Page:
The promotion rate is composed of the first 3 transitions of the 4 transitions that combine to make the full "graduation rate." The promotion rate combines the transitions from 9th to 10th, 10th to 11th, and 11th to 12th. The last step toward actual graduation is not included in the promotion rate calculation. That fourth step with graduation data is hard to collect nationally on a consistent basis state to state. Thus, progress in raising the promotion rate only points toward graduation rates also going up and is not an absolute predictor. But it has been an accurate predictor for the DISD graduation rate progress in recent years.
The 9 Oak Cliff high schools in Dallas ISD continue to hold the lead over the other areas of Dallas ISD with the highest combined promotion rate in 2010-2011. They have the highest percentage of their 9th grade enrollment reflected in the full ultimate enrollment for the 12th grade three years later. However, they are only 3/10ths of one percent in front of the 6 North Dallas high schools. It is possible that in 2011-2012 North Dallas will pull in front of Oak Cliff for the first time in 8 years. This competition and progress is good news for all of Dallas. In this process the promotion rates for all areas of DISD have gone up 4 percentage points, or more, this year! Look at the chart below to see how all of DISD is improving.
|Copies of the spreadsheets used to create the above graph are available. |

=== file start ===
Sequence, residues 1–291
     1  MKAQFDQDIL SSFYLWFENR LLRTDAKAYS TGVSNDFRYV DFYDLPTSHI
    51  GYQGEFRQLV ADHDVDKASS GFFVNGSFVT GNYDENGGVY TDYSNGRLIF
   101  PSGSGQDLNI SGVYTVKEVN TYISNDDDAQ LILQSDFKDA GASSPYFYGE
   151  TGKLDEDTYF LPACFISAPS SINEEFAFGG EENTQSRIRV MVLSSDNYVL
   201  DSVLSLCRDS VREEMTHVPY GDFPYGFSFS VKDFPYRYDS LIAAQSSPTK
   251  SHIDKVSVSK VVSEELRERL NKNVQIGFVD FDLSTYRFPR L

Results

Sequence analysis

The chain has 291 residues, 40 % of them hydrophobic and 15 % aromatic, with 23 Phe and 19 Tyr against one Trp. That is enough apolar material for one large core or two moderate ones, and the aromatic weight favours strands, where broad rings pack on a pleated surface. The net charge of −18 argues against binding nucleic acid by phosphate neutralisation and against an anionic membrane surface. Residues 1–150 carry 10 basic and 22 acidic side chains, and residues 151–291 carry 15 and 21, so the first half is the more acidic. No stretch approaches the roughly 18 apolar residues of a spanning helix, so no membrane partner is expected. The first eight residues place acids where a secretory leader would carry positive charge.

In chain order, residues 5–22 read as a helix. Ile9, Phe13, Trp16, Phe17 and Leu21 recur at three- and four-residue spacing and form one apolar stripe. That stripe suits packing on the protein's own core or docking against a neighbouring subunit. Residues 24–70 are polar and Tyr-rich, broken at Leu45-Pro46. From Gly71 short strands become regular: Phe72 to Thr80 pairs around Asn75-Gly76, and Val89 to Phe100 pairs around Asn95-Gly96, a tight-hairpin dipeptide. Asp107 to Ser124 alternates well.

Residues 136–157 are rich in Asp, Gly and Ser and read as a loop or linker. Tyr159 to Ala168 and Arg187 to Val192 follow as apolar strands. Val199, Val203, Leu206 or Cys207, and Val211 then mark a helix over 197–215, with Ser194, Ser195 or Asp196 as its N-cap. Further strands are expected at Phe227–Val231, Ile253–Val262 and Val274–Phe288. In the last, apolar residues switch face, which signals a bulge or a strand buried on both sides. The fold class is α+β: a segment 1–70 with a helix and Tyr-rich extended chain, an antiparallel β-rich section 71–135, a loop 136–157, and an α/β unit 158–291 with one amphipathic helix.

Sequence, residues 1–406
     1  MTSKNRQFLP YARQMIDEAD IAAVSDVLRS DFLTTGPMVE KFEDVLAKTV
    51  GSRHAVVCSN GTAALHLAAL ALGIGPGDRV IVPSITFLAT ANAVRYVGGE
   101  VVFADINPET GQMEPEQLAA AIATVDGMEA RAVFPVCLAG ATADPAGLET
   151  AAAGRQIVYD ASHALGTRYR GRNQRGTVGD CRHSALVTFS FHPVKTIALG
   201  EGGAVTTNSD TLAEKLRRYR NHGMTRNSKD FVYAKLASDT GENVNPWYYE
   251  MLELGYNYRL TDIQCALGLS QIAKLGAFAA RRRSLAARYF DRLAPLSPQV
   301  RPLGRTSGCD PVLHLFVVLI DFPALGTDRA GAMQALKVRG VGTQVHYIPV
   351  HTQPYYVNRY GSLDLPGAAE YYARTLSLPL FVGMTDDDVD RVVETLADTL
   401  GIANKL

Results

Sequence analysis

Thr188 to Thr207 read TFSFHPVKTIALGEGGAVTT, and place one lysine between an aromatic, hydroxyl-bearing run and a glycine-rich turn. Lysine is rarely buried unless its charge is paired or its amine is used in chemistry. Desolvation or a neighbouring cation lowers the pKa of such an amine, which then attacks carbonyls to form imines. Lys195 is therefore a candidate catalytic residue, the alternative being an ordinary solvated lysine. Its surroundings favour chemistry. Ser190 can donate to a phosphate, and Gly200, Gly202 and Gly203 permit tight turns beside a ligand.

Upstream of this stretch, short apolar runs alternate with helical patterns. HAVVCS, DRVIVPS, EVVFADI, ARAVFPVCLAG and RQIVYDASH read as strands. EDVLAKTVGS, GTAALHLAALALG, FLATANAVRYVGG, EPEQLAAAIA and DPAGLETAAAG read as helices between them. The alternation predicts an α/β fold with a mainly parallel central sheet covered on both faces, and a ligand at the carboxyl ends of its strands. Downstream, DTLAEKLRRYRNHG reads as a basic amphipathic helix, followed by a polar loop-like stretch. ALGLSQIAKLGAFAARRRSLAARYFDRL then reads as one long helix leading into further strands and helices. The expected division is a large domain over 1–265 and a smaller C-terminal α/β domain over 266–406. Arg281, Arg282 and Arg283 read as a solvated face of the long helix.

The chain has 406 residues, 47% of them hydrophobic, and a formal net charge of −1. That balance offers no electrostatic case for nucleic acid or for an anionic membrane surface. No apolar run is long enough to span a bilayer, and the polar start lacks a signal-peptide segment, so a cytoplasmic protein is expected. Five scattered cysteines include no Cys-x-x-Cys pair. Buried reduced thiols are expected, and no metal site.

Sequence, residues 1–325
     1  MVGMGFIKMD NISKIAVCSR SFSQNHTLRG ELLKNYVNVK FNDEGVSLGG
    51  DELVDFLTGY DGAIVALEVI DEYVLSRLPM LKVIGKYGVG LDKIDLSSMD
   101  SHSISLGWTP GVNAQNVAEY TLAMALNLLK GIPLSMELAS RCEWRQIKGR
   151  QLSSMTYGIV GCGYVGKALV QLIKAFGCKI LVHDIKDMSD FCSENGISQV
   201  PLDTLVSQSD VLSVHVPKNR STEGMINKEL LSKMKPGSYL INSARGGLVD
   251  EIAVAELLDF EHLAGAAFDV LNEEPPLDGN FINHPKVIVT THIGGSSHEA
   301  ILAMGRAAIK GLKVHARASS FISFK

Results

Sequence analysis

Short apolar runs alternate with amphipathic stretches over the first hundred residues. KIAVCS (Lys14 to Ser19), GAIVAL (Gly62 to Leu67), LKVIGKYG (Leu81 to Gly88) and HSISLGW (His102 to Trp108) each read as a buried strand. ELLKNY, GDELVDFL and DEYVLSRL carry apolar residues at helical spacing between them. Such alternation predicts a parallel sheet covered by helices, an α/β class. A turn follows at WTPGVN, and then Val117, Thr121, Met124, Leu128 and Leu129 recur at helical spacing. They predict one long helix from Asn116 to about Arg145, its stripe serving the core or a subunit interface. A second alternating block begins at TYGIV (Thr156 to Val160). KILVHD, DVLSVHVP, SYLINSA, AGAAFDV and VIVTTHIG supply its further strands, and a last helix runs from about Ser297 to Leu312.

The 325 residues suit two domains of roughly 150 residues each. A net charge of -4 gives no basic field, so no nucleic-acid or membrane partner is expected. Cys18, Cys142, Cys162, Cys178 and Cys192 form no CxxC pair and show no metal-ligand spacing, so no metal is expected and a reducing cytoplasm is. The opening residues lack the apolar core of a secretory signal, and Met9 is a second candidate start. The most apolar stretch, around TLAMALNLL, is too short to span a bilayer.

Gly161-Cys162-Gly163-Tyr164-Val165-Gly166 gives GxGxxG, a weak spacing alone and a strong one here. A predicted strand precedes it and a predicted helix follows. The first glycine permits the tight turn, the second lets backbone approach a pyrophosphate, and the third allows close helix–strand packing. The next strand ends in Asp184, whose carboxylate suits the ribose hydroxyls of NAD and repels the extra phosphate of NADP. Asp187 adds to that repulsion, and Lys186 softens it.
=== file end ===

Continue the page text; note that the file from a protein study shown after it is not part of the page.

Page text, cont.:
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Sadly, promotion rates are the only calculations possible by school from the online TEA database. Due to lack of such consistent graduation data nationwide, it is the measure the national John Hopkins University "Dropout Factory" study was forced to revert to using, and which has been repeatedly mis-interpreted as a "graduation rate" by the press nationwide. The TEA online database, and all similar state accountability systems in the nation, must provide graduation numbers by school.
Annual enrollment data, combined with graduation data, should also be placed annually into one multi-year spreadsheet for each school and school district so as to show student movement. This only amounts to the annual collection of 16 numbers: Early Education, Pre-K, Kindergarten, the 12 grades, and the number of diplomas granted that year. These 16 numbers collected for each school and school district each year, and added to the same spreadsheet each year, would lead to a revolution in public accountability and transparency. Seeing the patterns these 16 numbers form, when placed into the same spreadsheet with the same 16 numbers for each year going back 20+ years, can tell you more about a school or a school district than any other single sheet of paper. Such spreadsheets help parents and politicians to better understand the meaning of a "20% dropout rate" claim when 50% of the 9th grade enrollment three years earlier is missing at graduation for that acclaimed "20% dropout rate" class. Such spreadsheets may eliminate such misleading dropout rate claims.
Such transparency is mandatory! It is leads to public accountability that is long, long, overdue. It makes it harder to hide children who are "missing at graduation." It helps people know that questions need to be asked.